• Business or official records- Courts often allow statements from business and official (or public) records because the sources are reliable. An example is a computer log of all licensed gun holders in a county.
  • Dying declarations- Statements by people who care about biting the dust are often admissible. The theory is that the speaker obviously can’t be called a witness and that people aren’t likely to lie with their last breath. 

It has been observed that “the rule against the admission of hearsay evidence is fundamental” [2]. Furthermore, the Indian Evidence Act, under chapter IV regulating oral evidence, stipulates, “Oral evidence must, in all cases, whatever, be direct”. [3]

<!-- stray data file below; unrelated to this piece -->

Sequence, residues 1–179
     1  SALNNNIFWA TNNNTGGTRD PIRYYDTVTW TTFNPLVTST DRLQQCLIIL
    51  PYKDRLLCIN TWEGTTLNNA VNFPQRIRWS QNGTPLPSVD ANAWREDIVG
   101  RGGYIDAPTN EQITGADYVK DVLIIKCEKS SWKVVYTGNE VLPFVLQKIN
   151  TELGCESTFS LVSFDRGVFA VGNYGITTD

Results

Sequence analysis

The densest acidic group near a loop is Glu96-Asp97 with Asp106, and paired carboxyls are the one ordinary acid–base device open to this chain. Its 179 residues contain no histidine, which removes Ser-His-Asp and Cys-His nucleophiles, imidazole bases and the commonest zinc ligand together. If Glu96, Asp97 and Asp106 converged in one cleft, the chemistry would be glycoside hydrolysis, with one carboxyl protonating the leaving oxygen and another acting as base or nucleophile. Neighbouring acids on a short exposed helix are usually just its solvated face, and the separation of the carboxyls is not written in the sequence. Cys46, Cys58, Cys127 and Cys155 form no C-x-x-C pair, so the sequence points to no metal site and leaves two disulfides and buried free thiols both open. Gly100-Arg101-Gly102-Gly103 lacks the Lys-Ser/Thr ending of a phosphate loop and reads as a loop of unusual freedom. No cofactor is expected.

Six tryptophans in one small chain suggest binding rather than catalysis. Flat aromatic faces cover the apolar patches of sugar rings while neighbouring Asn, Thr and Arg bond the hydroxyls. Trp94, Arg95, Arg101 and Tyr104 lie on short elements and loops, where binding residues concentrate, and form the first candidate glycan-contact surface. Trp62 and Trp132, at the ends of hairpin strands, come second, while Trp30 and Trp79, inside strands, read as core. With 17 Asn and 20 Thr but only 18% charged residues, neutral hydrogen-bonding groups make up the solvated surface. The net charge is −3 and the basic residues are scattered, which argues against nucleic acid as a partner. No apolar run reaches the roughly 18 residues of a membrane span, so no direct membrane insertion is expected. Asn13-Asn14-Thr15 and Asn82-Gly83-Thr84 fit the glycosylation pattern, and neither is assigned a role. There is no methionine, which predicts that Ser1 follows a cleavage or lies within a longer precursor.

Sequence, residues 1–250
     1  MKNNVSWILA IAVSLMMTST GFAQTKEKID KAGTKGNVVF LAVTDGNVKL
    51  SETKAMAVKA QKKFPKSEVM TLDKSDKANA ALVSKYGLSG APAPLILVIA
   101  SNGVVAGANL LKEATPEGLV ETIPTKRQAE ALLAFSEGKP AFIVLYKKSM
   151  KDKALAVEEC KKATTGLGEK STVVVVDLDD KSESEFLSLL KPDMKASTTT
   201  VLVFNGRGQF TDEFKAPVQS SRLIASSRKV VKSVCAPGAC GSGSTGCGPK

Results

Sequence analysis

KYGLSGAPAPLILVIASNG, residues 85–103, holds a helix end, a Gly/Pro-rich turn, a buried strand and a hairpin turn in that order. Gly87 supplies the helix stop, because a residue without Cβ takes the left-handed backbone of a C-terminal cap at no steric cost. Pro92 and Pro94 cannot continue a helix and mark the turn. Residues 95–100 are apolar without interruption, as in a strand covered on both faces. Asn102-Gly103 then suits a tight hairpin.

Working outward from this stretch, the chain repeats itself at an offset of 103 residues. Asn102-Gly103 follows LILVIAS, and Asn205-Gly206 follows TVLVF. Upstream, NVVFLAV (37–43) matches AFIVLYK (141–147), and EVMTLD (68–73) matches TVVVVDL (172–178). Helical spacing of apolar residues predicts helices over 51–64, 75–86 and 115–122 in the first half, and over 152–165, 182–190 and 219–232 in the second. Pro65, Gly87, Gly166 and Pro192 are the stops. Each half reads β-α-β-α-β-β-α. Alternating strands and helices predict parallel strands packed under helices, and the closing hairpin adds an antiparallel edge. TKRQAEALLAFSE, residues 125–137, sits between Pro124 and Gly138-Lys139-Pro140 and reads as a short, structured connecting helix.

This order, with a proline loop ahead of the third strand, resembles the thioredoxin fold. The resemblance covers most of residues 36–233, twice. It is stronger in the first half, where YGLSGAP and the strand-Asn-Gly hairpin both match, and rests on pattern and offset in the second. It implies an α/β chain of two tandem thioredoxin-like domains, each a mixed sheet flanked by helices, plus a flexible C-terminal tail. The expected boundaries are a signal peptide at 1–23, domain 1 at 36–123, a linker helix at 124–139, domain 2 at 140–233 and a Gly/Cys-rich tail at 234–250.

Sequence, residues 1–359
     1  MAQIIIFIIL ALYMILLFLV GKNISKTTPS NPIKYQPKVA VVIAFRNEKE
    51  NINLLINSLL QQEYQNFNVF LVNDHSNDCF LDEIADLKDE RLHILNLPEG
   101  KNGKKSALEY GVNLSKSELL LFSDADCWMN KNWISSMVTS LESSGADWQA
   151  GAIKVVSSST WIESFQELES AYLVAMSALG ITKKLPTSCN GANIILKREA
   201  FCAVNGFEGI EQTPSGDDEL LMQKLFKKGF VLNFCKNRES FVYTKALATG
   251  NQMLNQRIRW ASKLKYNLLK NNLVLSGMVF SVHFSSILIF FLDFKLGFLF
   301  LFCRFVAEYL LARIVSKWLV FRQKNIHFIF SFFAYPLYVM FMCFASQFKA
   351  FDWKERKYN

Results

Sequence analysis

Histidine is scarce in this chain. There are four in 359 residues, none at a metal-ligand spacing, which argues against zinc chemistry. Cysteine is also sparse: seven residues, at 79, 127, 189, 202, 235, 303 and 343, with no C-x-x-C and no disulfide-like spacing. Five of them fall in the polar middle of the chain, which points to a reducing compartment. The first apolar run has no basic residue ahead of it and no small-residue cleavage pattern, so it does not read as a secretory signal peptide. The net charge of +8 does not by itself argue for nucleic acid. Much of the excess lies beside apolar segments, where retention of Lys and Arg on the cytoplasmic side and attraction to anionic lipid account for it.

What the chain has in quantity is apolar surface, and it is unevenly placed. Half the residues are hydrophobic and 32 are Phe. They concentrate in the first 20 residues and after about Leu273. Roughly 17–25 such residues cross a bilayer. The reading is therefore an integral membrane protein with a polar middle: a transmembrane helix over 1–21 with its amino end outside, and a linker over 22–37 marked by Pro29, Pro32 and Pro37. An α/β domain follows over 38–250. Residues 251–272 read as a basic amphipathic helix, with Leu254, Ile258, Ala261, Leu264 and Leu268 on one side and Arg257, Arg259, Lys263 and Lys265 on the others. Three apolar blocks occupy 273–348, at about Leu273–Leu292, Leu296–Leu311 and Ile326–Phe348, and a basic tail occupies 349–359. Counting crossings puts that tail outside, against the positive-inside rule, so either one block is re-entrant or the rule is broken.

Therefore it’s clear that the person contrary to hearsay must have personally seen or heard the fact in question. However, this cannot by any stretch of the imagination be extended to mean that direct evidence of hearsay evidence would be admissible as a circumstance to establish a fact [4] however there are a few cases that are the exceptions to this rule and admissible in a Court of law.

The main exceptions are as follows:

  • Res Gestae
  • Admission and Confession
  • Dying Declaration
  • Evidence given in the formal proceedings

Case Laws-